Wines and spirits were up 4 percent; perfumes and cosmetics edged up 1 percent; watches and jewelry jumped 18 percent, driven by a strong performance at Bulgari, and selective retailing was down 5 percent, as travel retail division DFS continued to suffer from a sharp slowdown in international travel. 

Touting the “exceptional” performance of Vuitton and a “record” year at Tiffany, Arnault said the outlook for 2022 was positive, despite the shadow of inflation. “The numbers for the month of January indicate a growth rate similar to the end of last year, so it was a very good start to the year,” he said.

While he doesn’t expect tourism flows to return to normal before 2023 or 2024, Arnault noted the group’s performance in Europe perked up in the fourth quarter, as brands worked to develop their local clientele. 

“I think that things will continue to improve, but we have an advantage over a lot of other companies and other groups, which is that we’re able to have a certain flexibility on prices. So, in the face of inflation, we have the means to react, and I think that demand for our products will continue to be strong,” he added.

He cited the example of a Patek Philippe Nautilus steel sport watch produced in collaboration with Tiffany, one of a limited edition of 170 with a retail price of around $50,000, that was sold at auction in December for a hammer price of $5.35 million, with proceeds going to an environmental nonprofit.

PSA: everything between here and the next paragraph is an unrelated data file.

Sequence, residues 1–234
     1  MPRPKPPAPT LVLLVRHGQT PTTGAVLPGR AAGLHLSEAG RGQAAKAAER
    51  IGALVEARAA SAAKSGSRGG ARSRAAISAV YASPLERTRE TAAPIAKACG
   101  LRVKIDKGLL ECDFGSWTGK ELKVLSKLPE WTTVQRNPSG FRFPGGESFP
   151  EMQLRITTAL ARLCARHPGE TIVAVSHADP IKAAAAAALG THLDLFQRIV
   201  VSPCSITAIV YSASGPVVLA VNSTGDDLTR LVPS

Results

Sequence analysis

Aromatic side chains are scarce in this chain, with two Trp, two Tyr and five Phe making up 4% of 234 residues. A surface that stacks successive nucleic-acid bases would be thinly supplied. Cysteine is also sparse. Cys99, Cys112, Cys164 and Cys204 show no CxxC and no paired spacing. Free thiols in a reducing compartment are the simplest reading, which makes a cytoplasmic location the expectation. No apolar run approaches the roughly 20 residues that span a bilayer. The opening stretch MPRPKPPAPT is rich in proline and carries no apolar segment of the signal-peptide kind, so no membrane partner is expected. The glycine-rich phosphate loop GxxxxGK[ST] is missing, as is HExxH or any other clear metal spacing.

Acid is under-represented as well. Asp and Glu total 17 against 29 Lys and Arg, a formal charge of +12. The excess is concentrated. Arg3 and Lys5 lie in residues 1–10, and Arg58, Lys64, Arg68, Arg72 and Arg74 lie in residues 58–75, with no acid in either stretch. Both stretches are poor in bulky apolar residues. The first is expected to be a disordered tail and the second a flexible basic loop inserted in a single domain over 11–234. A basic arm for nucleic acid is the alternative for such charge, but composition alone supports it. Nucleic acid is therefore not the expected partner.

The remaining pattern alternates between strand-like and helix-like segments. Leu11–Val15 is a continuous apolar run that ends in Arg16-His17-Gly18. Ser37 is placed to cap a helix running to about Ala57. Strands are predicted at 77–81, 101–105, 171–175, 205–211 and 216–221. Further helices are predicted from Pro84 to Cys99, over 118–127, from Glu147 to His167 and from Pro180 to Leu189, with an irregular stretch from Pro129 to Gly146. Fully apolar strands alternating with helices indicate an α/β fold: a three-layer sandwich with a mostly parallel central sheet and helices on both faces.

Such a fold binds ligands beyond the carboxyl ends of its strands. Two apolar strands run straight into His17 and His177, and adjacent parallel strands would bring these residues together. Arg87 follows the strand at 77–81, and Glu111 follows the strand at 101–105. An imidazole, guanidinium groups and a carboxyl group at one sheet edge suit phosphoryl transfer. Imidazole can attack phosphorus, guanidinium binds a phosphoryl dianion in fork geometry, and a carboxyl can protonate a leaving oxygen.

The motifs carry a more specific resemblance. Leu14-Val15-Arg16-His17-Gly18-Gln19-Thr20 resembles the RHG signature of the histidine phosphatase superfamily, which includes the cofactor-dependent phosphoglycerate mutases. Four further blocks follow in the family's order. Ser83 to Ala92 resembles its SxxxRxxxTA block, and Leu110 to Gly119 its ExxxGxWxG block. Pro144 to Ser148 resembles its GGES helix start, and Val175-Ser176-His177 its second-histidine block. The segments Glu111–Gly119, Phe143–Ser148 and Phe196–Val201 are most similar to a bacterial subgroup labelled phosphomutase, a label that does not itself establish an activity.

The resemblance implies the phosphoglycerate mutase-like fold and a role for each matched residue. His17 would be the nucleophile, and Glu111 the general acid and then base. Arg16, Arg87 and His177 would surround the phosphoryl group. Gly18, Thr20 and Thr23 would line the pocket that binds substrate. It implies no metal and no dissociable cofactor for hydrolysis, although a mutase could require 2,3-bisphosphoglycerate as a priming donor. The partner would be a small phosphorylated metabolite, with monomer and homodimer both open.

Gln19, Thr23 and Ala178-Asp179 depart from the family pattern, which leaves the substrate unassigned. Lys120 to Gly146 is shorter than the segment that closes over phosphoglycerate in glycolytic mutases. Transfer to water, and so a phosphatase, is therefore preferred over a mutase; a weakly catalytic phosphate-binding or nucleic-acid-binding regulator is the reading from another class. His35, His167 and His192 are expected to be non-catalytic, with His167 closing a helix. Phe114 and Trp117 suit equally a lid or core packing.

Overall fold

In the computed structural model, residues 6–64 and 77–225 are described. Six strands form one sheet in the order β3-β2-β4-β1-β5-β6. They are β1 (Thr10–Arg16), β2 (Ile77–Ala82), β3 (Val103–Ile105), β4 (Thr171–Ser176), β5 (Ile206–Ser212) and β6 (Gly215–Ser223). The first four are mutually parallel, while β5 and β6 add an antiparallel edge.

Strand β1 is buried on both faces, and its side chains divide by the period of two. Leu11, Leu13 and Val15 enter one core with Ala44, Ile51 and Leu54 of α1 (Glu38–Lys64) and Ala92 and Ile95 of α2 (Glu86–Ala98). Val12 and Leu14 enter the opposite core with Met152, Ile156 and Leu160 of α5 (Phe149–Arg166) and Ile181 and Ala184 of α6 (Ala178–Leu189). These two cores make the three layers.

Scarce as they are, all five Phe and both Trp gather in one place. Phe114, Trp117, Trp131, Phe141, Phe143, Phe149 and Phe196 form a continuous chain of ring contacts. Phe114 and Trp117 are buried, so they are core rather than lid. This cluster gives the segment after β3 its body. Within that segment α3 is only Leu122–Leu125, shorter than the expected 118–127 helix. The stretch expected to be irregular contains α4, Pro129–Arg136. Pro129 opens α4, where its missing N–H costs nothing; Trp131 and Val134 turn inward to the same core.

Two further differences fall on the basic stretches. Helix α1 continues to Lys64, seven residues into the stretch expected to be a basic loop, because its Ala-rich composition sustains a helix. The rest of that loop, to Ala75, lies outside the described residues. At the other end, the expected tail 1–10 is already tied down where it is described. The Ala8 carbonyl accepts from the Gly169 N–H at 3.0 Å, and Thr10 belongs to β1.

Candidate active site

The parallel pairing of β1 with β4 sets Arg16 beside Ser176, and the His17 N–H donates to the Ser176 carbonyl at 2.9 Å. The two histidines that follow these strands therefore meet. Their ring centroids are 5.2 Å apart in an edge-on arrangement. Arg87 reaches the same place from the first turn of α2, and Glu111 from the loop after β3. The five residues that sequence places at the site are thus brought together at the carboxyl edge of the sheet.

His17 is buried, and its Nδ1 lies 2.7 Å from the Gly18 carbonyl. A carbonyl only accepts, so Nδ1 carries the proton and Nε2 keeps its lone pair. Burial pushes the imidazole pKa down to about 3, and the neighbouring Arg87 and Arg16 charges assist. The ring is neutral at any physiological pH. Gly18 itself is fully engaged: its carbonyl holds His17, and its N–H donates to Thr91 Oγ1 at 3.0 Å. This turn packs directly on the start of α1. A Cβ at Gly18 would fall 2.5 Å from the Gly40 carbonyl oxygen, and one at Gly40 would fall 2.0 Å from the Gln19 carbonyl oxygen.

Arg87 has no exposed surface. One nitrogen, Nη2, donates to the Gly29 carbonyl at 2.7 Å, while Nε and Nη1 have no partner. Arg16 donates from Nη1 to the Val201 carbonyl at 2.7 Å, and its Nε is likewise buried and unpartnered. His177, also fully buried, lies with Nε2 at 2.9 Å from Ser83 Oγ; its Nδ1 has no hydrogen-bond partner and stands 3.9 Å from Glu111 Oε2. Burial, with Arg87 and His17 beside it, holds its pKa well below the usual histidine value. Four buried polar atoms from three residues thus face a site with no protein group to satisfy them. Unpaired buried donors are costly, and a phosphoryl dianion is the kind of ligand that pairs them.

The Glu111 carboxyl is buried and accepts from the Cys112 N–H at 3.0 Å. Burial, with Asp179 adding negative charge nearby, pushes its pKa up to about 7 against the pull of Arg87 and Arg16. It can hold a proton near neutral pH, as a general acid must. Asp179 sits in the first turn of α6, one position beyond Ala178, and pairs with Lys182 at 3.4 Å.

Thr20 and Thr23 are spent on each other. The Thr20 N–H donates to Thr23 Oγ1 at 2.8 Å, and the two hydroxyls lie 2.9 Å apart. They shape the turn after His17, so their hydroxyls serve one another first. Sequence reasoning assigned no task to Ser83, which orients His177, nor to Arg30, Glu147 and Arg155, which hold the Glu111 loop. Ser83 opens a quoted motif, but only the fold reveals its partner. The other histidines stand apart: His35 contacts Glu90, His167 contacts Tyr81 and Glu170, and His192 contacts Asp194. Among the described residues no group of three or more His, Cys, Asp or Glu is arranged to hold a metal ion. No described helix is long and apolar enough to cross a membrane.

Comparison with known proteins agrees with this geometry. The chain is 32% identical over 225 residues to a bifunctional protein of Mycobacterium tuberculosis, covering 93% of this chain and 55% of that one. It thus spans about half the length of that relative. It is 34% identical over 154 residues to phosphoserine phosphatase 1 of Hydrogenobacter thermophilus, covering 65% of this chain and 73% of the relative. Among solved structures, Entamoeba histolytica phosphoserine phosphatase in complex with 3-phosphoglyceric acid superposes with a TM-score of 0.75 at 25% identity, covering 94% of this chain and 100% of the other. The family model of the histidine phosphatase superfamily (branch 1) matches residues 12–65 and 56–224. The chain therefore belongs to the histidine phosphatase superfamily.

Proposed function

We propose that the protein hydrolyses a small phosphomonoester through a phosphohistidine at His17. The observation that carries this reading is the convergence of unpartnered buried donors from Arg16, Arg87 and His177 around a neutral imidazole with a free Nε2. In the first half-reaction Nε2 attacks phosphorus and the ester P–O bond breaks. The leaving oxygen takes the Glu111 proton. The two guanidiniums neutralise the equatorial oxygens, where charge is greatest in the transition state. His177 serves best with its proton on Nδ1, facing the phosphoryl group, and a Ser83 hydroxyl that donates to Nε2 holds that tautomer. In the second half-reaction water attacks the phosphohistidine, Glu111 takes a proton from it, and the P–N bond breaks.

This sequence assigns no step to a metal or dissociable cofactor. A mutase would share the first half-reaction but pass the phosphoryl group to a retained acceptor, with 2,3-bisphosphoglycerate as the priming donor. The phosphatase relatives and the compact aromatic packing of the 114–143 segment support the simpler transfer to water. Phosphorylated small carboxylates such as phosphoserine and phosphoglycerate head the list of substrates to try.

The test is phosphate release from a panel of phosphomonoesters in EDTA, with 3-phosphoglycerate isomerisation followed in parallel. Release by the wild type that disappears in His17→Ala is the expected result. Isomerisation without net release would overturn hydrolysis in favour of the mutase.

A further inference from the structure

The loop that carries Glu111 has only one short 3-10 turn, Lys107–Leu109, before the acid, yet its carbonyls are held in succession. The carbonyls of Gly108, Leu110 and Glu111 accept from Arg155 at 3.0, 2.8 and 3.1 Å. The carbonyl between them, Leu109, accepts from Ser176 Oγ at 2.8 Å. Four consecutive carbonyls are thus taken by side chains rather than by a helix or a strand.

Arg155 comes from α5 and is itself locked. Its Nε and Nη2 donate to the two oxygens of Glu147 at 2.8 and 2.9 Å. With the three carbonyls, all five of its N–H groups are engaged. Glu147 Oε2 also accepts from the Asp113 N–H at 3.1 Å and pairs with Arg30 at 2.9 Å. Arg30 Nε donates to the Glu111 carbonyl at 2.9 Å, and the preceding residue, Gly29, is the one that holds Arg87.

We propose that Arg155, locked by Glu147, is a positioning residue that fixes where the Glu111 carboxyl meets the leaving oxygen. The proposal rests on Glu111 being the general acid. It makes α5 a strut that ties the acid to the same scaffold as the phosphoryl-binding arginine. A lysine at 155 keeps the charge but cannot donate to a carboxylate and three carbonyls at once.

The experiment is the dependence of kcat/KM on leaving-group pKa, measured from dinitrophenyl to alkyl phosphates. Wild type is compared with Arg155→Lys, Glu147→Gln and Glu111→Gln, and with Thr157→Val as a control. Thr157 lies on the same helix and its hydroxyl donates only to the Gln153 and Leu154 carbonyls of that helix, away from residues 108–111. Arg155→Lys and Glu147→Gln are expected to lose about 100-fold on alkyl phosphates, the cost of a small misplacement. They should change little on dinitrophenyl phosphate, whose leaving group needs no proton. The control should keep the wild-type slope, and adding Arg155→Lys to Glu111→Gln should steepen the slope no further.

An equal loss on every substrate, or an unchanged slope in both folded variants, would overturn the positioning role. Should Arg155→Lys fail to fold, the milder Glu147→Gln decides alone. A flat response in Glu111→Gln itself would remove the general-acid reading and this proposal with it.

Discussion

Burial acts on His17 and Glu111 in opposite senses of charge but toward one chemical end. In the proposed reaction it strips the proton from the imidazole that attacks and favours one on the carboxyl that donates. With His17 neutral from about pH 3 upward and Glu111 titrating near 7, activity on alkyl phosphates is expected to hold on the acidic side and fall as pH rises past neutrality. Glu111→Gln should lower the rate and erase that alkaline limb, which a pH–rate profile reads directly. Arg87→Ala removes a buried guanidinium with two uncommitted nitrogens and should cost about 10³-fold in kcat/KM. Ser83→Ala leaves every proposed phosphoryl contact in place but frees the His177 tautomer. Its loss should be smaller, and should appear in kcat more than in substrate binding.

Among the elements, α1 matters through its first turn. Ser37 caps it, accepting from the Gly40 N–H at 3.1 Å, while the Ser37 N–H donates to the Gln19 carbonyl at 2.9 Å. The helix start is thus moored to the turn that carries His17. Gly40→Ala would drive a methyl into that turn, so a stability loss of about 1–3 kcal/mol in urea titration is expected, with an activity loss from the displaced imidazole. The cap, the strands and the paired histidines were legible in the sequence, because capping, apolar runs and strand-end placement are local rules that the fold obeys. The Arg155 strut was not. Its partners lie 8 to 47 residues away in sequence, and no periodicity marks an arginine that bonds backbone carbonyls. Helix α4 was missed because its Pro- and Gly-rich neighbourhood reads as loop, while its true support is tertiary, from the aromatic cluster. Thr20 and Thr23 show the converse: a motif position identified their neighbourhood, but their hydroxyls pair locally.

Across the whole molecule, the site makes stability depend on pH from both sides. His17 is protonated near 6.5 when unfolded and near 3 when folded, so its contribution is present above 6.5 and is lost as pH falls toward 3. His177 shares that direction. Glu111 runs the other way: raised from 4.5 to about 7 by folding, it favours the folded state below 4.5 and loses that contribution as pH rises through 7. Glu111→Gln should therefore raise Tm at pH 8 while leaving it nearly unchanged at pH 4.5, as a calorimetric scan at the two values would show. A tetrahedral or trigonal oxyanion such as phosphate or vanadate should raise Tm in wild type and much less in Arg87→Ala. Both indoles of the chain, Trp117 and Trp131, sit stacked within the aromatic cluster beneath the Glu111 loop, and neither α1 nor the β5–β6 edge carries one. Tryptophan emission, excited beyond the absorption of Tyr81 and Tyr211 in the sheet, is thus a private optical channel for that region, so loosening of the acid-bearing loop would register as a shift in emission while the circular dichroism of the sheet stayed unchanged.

“When it comes to price, everything is relative. What matters most of all is the quality of the product,” said the executive.

Nonetheless, Arnault cautioned against excessive price increases, in what appeared to be a veiled dig at Chanel. That brand has raised the price of its handbags four times since the beginning of 2021, citing production costs, though the move has been interpreted as a strategy to align its price points with rival Hermès in order to burnish the exclusive aura of its products. 

“We don’t want to give the impression, like some brands do, of heading toward prices that no longer match the economic reality of the price of the products. You have to be reasonable. We try to be reasonable so that our customers feel that they’re dealing with brands that offer them something realistic, and not something that is artificially inflated, even if the products are very beautiful,” he said.

Arnault credited LVMH’s exceptional performance to the desirability of its brands and its increasingly sophisticated products.